Chicago Board of Trade Market News
Outlook: May corn futures are 8 cents (1.0 percent) lower this week as back-and-forth rumors of peace talks in Ukraine buffet markets. Profit taking was evident in early-week trade as crude oil and wheat broke lower, but commercials, importers, and funds used the break as a buying opportunity. Corn is maintaining a sideways trading range and seems likely to hold that pattern amid strong old-crop demand.
The war in Ukraine is now in its fourth week and markets are adapting to the reality that Ukraine will not be a significant corn exporter in 2022. Industry estimates indicate Ukraine’s spring crop planted area could fall by 30-45 percent amid ongoing military activity, destruction of infrastructure, and the inability to secure inputs like seed and fertilizer. Moreover, the government has banned the export of corn, wheat, sunflower oil, and fertilizer, which further decreases the odds of Ukraine playing a major role in supplying world demand. In 2021/22, Ukraine produced 41.9 MMT of corn and, until the war, was expected to export 33.5 MMT. The production and exports forgone in 2022 due to the war will benefit the export programs of other major world suppliers, including the U.S. and South America.
Brazil’s safrinha crop continues to develop under favorable conditions in the central and northern parts of the country. Southern Brazil remains dry, but showers are forecast for the region this week. CONAB, the Brazilian equivalent of the USDA, recently pegged the safrinha crop at 86.1 MMT, which was up from it prior estimate and put the total crop at 112.3 MMT. That figure is above last year’s production of 87.0 MMT but below USDA’s March WASDE projection of 114 MMT.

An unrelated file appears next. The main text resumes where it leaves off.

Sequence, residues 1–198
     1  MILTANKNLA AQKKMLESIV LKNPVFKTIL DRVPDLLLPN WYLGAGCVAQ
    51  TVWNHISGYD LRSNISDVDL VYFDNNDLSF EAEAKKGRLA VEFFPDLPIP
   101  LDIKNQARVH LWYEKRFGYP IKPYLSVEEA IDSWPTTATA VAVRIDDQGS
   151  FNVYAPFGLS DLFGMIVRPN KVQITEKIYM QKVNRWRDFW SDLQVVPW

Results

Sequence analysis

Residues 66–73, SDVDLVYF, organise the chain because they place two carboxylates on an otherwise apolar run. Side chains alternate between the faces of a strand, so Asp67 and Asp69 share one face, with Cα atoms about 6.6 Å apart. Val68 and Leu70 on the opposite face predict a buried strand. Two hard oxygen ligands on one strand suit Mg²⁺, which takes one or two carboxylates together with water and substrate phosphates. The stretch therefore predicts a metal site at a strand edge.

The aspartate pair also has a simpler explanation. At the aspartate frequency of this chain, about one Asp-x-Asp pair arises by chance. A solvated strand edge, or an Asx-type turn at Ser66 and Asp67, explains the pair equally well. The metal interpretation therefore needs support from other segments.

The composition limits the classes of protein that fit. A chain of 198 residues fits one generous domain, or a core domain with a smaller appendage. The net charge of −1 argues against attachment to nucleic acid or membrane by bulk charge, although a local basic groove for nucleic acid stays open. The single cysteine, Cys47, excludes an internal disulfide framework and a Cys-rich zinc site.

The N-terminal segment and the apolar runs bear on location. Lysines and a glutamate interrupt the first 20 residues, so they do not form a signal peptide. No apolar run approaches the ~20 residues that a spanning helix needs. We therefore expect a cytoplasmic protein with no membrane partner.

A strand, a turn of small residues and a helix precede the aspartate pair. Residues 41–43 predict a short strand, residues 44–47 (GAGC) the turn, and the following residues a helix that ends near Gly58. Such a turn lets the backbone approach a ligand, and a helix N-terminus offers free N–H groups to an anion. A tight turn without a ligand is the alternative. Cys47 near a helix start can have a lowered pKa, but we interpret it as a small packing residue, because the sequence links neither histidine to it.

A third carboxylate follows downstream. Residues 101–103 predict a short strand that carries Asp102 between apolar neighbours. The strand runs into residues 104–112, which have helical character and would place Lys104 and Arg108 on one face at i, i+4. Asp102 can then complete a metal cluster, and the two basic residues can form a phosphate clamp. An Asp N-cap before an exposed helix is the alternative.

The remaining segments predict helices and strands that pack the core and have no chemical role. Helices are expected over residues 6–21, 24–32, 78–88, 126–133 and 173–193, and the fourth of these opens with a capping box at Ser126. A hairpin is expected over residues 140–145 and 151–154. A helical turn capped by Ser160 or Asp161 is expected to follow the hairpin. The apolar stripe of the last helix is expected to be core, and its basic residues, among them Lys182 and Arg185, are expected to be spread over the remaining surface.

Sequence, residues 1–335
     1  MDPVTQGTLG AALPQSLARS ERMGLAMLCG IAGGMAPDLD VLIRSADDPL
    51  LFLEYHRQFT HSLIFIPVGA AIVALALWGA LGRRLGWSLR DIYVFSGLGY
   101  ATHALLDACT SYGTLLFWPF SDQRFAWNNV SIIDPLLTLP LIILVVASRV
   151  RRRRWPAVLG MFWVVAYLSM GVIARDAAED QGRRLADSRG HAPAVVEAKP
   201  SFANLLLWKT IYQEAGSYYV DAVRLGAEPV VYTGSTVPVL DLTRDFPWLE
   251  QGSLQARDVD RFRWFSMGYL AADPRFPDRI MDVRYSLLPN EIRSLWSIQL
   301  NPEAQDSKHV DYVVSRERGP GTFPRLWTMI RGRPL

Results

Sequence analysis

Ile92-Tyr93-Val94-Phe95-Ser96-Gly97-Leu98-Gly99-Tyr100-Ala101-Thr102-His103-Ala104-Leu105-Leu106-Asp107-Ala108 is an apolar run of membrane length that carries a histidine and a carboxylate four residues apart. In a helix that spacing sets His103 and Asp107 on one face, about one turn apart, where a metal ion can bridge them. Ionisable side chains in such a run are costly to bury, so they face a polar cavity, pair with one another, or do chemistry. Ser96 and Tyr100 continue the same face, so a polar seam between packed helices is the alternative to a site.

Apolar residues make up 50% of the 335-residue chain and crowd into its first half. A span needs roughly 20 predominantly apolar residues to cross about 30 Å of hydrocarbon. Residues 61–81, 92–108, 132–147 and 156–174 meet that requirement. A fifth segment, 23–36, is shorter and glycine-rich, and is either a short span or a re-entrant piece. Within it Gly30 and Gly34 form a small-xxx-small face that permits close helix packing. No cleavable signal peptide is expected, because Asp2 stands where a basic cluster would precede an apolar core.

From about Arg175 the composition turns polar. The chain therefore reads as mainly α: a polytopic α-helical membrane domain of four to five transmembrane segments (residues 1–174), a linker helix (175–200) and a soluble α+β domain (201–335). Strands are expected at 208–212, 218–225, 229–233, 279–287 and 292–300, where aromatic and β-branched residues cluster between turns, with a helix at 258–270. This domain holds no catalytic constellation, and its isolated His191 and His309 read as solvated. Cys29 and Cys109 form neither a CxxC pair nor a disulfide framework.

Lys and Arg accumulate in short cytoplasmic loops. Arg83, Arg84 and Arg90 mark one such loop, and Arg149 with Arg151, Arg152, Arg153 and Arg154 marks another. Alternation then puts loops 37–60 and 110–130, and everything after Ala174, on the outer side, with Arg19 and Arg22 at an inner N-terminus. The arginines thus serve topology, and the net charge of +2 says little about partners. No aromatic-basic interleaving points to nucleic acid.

The weekly Export Sales report showed a 1.98 MMT of net sales, which were down 14 percent from last week’s marketing-year high. Exports fell 28 percent to 1.27 MMT, which put YTD exports at 28.8 MMT, down 4 percent. YTD bookings currently total 52.04 MMT, down 14 percent.
A potential emerging issue in the U.S. is the drought across the Plains and western Corn Belt. Drought has been present in the region since last fall but intensified this spring, especially in the southern Plains. The southern Plains are facing the greatest threat currently, but drought remains a concern for most of Iowa as well. The latest long-term forecast from NOAA expects continued dryness across the southern Plains and western Midwest that will be combined with above average temperatures. While risks to the planting and early development of the 2022 U.S. corn crop are minimal right now, the current conditions and forecasts suggest this issue is one worth watching.
From a technical standpoint, May corn futures are holding within their sideways trading range from support $7.25 and resistance at the contract high ($7.82 ¾). Funds remain net long the corn market and, like commercials and importers, are using breaks as buying opportunities. Expectations for a sustained increase in U.S. corn exports this spring is keeping bear spreading active and helping the market maintain a strongly inverted curve. Until the old crop demand looks like it will soften, old crop futures are unlikely to post significant breaks and will likely hold to their current range.